Saturday, September 3, 2016

Rant: Theory of Mind, NOT!

I posted this back in 2010, but I'm thinking about these things these days, so I thought I'd bump it to the top of the queue. Here's a companion piece from last year.
Theory of mind (aka TOM) is all the rage in (some quarters of) cognitive science and evolutionary psychology. It’s driving me batsh¡t crazy. And its use by literary critics makes me super-mega batsh¡t crazy.

Why? By the time literary critics use all that's left is the term itself, undisciplined by the observations that gave rise to the idea. For literary critics it's a "get out of (conceptual) jail free" card.

Let me explain

Well, first, in case you don’t know what TOM is, it refers to the capacity humans have for attending to and wondering about what’s on someone else’s mind. It’s a capacity that’s possibly unique to humans, though perhaps not, and it begins appearing at around four-plus years of age. My problem is not with the research itself or the notion that some-such capacity comes “online” at that point in development. What bothers me is the term and its implications.

It bothers Melvin Konner too. Here’s a passage from an opinion piece* he published in Nature a few years ago:
Meanwhile, social-cognition theorists have come up with a phrase inferential enough to make one almost long for the black-boxers: theory of mind. Freud sought one, Skinner assiduously didn’t, and most people don’t bother to ask themselves whether they have or need one. Yet there is serious debate as to whether chimpanzees or four-year-olds have a theory of mind. Closely inspected, the phrase seems to mean something like perspective-taking or, when mutual, intersubjectivity. True, a four-year-old can see and act on another person’s perspective whereas most three-year-olds can’t.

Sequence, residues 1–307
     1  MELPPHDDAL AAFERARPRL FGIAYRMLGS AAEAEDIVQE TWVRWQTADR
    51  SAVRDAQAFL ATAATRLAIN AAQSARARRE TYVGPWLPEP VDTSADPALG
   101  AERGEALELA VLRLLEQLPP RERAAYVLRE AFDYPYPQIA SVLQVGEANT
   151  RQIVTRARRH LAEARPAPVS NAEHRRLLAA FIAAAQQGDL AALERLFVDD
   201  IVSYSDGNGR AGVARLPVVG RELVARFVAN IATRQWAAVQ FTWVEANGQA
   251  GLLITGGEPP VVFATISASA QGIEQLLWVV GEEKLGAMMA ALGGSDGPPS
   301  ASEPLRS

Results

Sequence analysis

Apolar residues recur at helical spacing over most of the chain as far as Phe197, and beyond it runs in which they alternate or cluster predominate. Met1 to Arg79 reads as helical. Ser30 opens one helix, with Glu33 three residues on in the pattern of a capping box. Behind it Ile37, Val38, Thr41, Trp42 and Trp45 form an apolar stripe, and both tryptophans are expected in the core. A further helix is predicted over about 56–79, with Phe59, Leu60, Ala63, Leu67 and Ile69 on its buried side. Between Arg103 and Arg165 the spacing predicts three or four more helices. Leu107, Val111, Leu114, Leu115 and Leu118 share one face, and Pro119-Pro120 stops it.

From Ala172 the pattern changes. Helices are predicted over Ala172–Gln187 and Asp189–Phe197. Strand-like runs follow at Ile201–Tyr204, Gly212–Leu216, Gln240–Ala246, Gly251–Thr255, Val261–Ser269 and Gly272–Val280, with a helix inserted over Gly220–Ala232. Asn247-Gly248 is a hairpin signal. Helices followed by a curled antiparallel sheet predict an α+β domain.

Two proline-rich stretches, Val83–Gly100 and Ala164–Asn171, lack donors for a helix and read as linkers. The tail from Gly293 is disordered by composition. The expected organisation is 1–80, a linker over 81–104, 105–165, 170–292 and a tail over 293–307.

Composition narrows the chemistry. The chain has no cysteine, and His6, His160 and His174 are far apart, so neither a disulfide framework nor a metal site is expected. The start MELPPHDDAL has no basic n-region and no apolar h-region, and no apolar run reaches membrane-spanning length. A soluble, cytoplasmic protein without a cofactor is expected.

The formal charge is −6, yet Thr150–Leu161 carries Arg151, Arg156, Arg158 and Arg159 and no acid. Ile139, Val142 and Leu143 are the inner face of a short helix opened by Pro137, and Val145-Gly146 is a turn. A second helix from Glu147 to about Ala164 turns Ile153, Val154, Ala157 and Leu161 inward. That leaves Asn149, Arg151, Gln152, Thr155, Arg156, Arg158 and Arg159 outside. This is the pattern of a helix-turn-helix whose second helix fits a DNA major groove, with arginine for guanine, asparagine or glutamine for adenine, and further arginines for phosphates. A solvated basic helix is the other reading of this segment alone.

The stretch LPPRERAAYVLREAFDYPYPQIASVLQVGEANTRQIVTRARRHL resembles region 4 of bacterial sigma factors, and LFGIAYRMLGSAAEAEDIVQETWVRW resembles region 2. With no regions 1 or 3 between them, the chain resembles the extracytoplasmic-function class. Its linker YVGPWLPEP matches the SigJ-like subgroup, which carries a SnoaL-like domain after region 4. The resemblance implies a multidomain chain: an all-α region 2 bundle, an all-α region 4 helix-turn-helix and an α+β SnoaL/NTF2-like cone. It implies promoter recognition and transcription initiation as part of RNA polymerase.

This is fascinating stuff and something we need to understand. But a term such as ‘theory of mind’ simply stands in the way. It makes for catchy article titles but conveys no meaning. Is the maturing orbitofrontal cortex newly able to calm an impulsive and self-centred limbic circuit? Is there a down-regulation of some neurotransmitter receptor, allowing a younger form of social mirror-imaging to grow into identification and parallel perspectives? As long as we are playing with pretty word-coins that substitute for brain functions, we will never know.
This TOM-talk is rather like Richard Dawkins talking about “selfish” genes. He knows perfectly well that genes aren’t the kind of agents that can be motivated by selfish considerations, but it’s a useful way of talking. And, in a pinch, he’s quite capable of explaining what’s going on without recourse to the personification; that is to say, Dawkins and others can give technical accounts that do not require genes to have mental states.

Similarly, the psychologists don’t believe that four year-old children are reasoning about the mind in the manner of philosophers or cognitive scientists. It’s not that kind of theory they’re imputing to the child. But this odd usage of “theory” is, in the end, grounded in experimental evidence and psychologists can talk and reason about those experiments. Konner’s point, of course, is that too ready explanatory recourse to TOM-talk is likely to get in the way of deeper theoretical investigation.

However, what really drives me up the wall is the use to which literary theorists are putting TOM. It’s not so much that the resulting literary criticism is bad – some of it is, in fact, rather interesting. It’s that it has little to do with the observational evidence on which the psychologists are basing their thinking about TOM.